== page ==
Scott Geibel is a data analyst with the Population Council’s Horizons Project in Washington, DC. From 1996 to 1998, he was HIV/AIDS program coordinator in Malawi with the Ministry of Health/US Peace Corps.

Kari Gillenwater is a second-year medical student at Tulane University. She has worked for the US National Institutes of Health and UNICEF on childhood malnutrition and infectious disease research projects in South Asia and South America.

Amy Gilman received a master’s degree in public health from Tulane University in 1998. She is currently working in Nepal.

Karen Mason is an epidemiologist working at the Medical Center of the Louisiana State University (USA).

Nancy Mock is Director of the Tulane Center for International Resource Development and a tenured associate professor in Tulane’s Department of International Health and Development. She has nearly 20 years of international experience in health sector program design and research.
 

Contents

Foreword — M.G. Venkatesh Mannar, Werner Schultnik, and Robert Magnani
Acknowledgments
Executive Summary

Part I. Trends in Prevalences
1. Introduction — What Are We Trying To Find Out?
2. Data and Analytical Methods
Measurement and Indicators; Data Sources for Population Assessments; Issues in Aggregating Data, Making Comparisons, and Assessing Trends
3. Results: Trends in Reducing Micronutrient Deficiencies
Recent Trends in Prevalences of Vitamin A Deficiency; Recent Trends in Prevalence of Iodine Deficiency Disorders;Recent Trends in Prevalence of Anemia; Levels of Vitamin A, Iodine, and Iron Deficiencies; Overlaps and Multiple Deficiencies
4. Conclusions

Part II. Program Implementation in the 1990s
1. Introduction
2. Types of Programs
3. Methods, Data Sources, and Treatment of Data General Principles of Data Treatment; Vitamin A; Iodine; Iron; Multiple Micronutrient Programs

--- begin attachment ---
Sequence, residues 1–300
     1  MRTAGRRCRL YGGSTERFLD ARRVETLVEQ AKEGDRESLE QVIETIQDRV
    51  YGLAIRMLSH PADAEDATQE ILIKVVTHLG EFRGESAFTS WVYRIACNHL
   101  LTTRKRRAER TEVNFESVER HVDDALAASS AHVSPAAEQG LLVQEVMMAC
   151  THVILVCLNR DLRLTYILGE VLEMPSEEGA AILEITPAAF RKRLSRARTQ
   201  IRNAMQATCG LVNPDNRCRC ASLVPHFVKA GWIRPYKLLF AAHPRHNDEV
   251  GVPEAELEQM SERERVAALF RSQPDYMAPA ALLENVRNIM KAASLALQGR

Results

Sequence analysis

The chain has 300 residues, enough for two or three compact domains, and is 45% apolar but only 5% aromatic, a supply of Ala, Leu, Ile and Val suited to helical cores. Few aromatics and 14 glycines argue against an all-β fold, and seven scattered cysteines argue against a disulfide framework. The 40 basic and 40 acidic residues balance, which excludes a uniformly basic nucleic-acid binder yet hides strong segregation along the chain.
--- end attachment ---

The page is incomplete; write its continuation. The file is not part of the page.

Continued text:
4. Results: Progress in Micronutrient Deficiency Control Programs Control of Vitamin A Deficiency; Control of Iodine Deficiency Disorders; Control of Iron Deficiency; Addressing Multiple Deficiencies
5. Conclusions

References

Appendices
1. Prevalence of clinical signs of vitamin A deficiency in preschool children
2. Prevalence of subclinical vitamin A deficiency
3. Prevalence of iodine deficiency disorders
4. Prevalence of anemia in pregnant women 15–49 years of age
5. Prevalence of anemia in nonpregnant women 15–49 years of age
6. Prevalence of underweight for 1995
7. Prevalence of underweight in 1995 and most recent survey years
8. Status of micronutrient supplementation policies and fortification legislation
9. Procurement of vitamin A capsules in relation to need for children 6–12 and 12–59 months of age
10. Countries with national immunization days (NIDs), micronutrient (M-NUT) days, extended immunization programs (EPIs) coupled with vitamin A capsule distribution, or policies for postpartum supplementation, 1998
11. Households consuming adequately iodized salt
12. Reported program coverage for iron supplementation during pregnancy, 1996
13. Estimated adequacy of supply and reported program coverage for vitamin A, iodine (through iodized salt), and iron

ID #: ISBN 1-894217-18-7
Price · Prix · Precio : $20.00